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What is AJS?

How can I get involved?

Get in touch through our AJS social media pages, or through our email addresses.

What is the Human Rights Framework?

Protect, Respect, Transform

What are the imperatives of AJS

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What is a County Action Plan?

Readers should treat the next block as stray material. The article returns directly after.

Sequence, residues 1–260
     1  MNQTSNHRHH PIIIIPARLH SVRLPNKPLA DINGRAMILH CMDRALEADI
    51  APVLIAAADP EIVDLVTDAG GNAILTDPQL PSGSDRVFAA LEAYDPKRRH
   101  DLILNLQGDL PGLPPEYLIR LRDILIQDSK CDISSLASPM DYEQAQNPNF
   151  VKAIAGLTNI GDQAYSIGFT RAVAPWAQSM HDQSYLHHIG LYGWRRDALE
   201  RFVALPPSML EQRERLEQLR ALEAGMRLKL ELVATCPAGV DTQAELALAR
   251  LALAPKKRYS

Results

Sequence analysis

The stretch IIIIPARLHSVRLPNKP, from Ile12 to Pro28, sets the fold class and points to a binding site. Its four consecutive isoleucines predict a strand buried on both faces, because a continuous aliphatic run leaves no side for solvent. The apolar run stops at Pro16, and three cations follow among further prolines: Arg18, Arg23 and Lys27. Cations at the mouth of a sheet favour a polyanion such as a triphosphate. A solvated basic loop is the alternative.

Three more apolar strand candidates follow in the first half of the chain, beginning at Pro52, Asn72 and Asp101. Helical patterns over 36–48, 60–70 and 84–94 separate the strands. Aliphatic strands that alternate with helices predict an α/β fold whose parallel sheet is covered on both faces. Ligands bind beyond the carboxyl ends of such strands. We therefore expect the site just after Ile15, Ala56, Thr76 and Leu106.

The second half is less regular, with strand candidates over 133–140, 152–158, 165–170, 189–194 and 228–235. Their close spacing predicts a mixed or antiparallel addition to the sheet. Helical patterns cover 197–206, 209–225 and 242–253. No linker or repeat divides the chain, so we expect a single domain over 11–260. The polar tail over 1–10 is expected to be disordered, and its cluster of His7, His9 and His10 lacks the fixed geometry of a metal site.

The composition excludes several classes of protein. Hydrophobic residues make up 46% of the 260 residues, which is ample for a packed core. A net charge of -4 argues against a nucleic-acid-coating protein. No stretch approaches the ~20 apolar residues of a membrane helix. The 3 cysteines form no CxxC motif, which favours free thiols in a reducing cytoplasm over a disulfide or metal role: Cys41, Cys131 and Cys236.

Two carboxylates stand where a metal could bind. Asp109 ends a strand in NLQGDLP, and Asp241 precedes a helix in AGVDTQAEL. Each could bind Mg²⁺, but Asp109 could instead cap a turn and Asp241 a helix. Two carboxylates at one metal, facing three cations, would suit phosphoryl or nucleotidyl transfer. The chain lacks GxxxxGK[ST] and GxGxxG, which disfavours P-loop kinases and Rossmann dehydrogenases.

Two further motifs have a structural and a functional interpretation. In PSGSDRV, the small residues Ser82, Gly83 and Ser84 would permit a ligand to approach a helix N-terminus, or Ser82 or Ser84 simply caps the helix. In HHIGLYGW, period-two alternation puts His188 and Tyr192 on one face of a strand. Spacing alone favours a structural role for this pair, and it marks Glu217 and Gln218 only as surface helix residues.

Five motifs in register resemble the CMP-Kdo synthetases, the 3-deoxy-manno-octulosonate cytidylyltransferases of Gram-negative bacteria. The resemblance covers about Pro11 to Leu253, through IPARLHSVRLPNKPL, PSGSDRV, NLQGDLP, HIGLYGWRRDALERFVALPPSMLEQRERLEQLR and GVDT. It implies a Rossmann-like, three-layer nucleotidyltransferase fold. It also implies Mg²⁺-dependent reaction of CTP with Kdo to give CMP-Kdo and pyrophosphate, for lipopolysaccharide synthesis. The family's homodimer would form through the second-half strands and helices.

The use of AJS has been provided for in amongst other Article 159 2(c) as a complementary option to prevention and resolution of disputes in the justice space. It brings together state and non-state actors to prevent and resolve disputes. In a democratic, multi-cultural and multi- religious polity like Kenya, it brings together actors interested in protecting, sustaining and extending democratic life and the freedoms and privileges that flow from it. Kenya has developed and launched a national Baseline and Framework strategy for Promoting AJS. This strategy, launched by Hon. the chief Justice on 27 August 2020, belongs to the whole country. It recognizes that opportunities provided by the Constitution that requires that the strategy be ‘owned’ by citizens, local authorities and all sectors of society if it is to be successful. While Kenya as a whole is facing the challenges, they have subtle, and at times substantial, differences in how they play out in different localities, communities and political circumstances. It is therefore important that the diagnoses of the challenges of access to justice and disputes be true to local dynamics even as they dovetail with the larger framework of the Baseline and Framework AJS policy. Given the spirit of devolution in Kenya, and the changes it has made in service delivery at the national and county government level, as well as the present socio-political dynamics, a county- level plan is likely to capture the nuances of how to practically prevent and resolve disputes. To ensure consistency with national values and the brooder idea that the national strategy has themes as “Justice as Freedom”, the AJS CAPs will reflect the process used to develop the Baseline and Framework AJS policy, with the exception that its focus will be on setting priorities and then producing an action plan that defines AJS actions of actors in a coordinated, practical and non-duplicative intervention in implementing any of the three typologies of Autonomous, Third Party and Court Annexed AJS peculiar to each and every county.